Now that you mention Kilian Jornet (the world famous sky runner), I can't refrain from saying that at KiteBit we actually built and run the service used by him and others to sell his movies.

Technology stack we have set up at KiteBit is RoR + Unicorn + Redis + Postgres + Vagrant. And we make also make use of Sendgrid + AWS S3 + CloudFront + ElasticTranscoder.

Kilian's movies and other stuff from him are on sale at his website summitsofmylife.com. This is a PrestaShop store but when it comes to the downloads and video streaming it's KiteBit (our service) which takes the relieve.



You should have included a description! I was about to post that link myself. It's a really impressive documentary about the race and shows why it's so difficult and what's so neat about it. The music score is awesome too.


I don't think most of the entrants expected to succeed, so that's not too big a surprise. Even in a "runnable" 100 mile ultra marathon, only about 50-70% usually finish the race. You can see some stats here:

http://run100s.com/ultra.htm

The same race director puts on a much more finishable race - 314 miles, typically self supported, in the middle of summer, across the entire state of Tennessee:

http://ultrasignup.com/register.aspx?did=29688

It's on my list of runs to do.


I understand race preferences are idiosyncratic but what about Vol-State appeals to you? Distance? Crossing a state? Laz?

If anything on your list includes something in Colorado (or Bighorn or Fat Dog this year) send me a note--pacing is sometimes more fun than racing. (Same goes for anyone else reading this).


Is this really harder than Mount Baker Marathon? That one involves 108 miles of trail from sea to summit of 10,700 foot snow clad volcano. Just climbing the volcano alone even when starting at 5000ft is usually quite a bit of an accomplishment. This race adds a long ~100 mile run on the top of it.

http://www.trailrunnermag.com/people/adventure/1495-revival-...


Yea, way harder. The vertical climb is equivlant to going up and down your volcano almost 6 times.

Also, the whole thing thing is in backwoods on practically non-existent trails.


It always amazes me that there is always, always, a harder race out there then the one I've done.

Humbling...


Do you reckon the 1% of the people who completed are looking for something even harder?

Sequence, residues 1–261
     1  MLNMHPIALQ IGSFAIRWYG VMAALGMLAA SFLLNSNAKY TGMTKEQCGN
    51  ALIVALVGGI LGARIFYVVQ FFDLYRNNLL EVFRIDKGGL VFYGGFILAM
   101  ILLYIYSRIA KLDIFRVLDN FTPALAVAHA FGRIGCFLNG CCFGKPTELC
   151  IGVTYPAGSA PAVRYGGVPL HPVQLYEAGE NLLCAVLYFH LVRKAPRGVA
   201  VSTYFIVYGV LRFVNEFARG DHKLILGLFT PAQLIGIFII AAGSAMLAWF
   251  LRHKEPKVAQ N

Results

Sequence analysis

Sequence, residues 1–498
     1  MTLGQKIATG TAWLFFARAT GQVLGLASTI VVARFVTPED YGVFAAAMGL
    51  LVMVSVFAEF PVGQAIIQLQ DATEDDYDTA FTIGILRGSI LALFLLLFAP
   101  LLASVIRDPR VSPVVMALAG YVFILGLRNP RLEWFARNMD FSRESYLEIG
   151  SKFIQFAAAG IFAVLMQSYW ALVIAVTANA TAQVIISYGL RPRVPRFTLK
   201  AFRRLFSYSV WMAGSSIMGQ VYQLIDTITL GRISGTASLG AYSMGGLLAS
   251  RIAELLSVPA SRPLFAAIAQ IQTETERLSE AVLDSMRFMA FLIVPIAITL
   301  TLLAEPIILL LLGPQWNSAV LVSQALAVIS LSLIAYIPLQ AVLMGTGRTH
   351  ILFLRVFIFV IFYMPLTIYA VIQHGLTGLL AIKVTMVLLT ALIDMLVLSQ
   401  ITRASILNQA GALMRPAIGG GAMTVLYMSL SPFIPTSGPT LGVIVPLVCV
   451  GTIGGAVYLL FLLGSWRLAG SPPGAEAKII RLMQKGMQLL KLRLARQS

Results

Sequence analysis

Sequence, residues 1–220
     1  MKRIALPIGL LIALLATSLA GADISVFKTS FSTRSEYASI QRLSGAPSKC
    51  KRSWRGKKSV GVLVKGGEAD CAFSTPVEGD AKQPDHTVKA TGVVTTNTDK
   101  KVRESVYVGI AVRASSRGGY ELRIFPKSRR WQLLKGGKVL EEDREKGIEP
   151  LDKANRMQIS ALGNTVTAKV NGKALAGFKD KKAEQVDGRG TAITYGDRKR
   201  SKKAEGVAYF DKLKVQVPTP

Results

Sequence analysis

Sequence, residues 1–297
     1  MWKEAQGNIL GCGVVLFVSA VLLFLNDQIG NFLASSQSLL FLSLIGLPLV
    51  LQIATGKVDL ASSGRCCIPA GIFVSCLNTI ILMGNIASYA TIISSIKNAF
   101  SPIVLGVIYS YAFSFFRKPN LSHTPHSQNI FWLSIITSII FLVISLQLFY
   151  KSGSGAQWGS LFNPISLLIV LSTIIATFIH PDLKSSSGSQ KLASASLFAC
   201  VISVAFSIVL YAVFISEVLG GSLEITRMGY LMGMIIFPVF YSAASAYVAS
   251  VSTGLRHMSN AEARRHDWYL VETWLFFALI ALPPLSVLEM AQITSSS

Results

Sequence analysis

Wow, that is a good thought as well. I imagine the 1% of competitors that complete the race would be willing to do any challenge given to them.

Just constantly driven.


There are a small handful of extreme races that are all approaching impossible in their own special way. The Barkley, because of it's traversal of insane undergrowth and ridiculous total elevation, is one. The Marathon des Sables (http://www.marathondessables.co.uk/) across part of the Sahara is another (6 days max to traverse 251km while carrying all your supplies except a tent (and you can refill water containers each night at the aid stations)). The Arrowhead 135 is essentially the same style, but conducted in northern Minnesota in the middle of winter (http://www.arrowheadultra.com/index.php/race-inforegistratio...). The Iditarod is a fourth.


I'm not sure Marathon des Sables belongs in that list. Badwater is almost the same distance, usually hotter, and without all the rest.


Meh, the Iditarod is easy. They should do the Antarctica dog sled race to the south pole. Amundsen did that one at the beginning on the 20th century with ease.

I once was in Argentina and met some people who were going to climb Vincent Mastiff in Antarctica. The tallest peak in Antarctica. It cost them something like $25,000 a person to fly their group in. Basically you have to get someone willing to fly a perfectly good long range airplane and land it on a glacier in the middle of nowhere with no hope of rescue if you screw up.. and then you have to have it take back off and get you back to south america. Now that's adventure.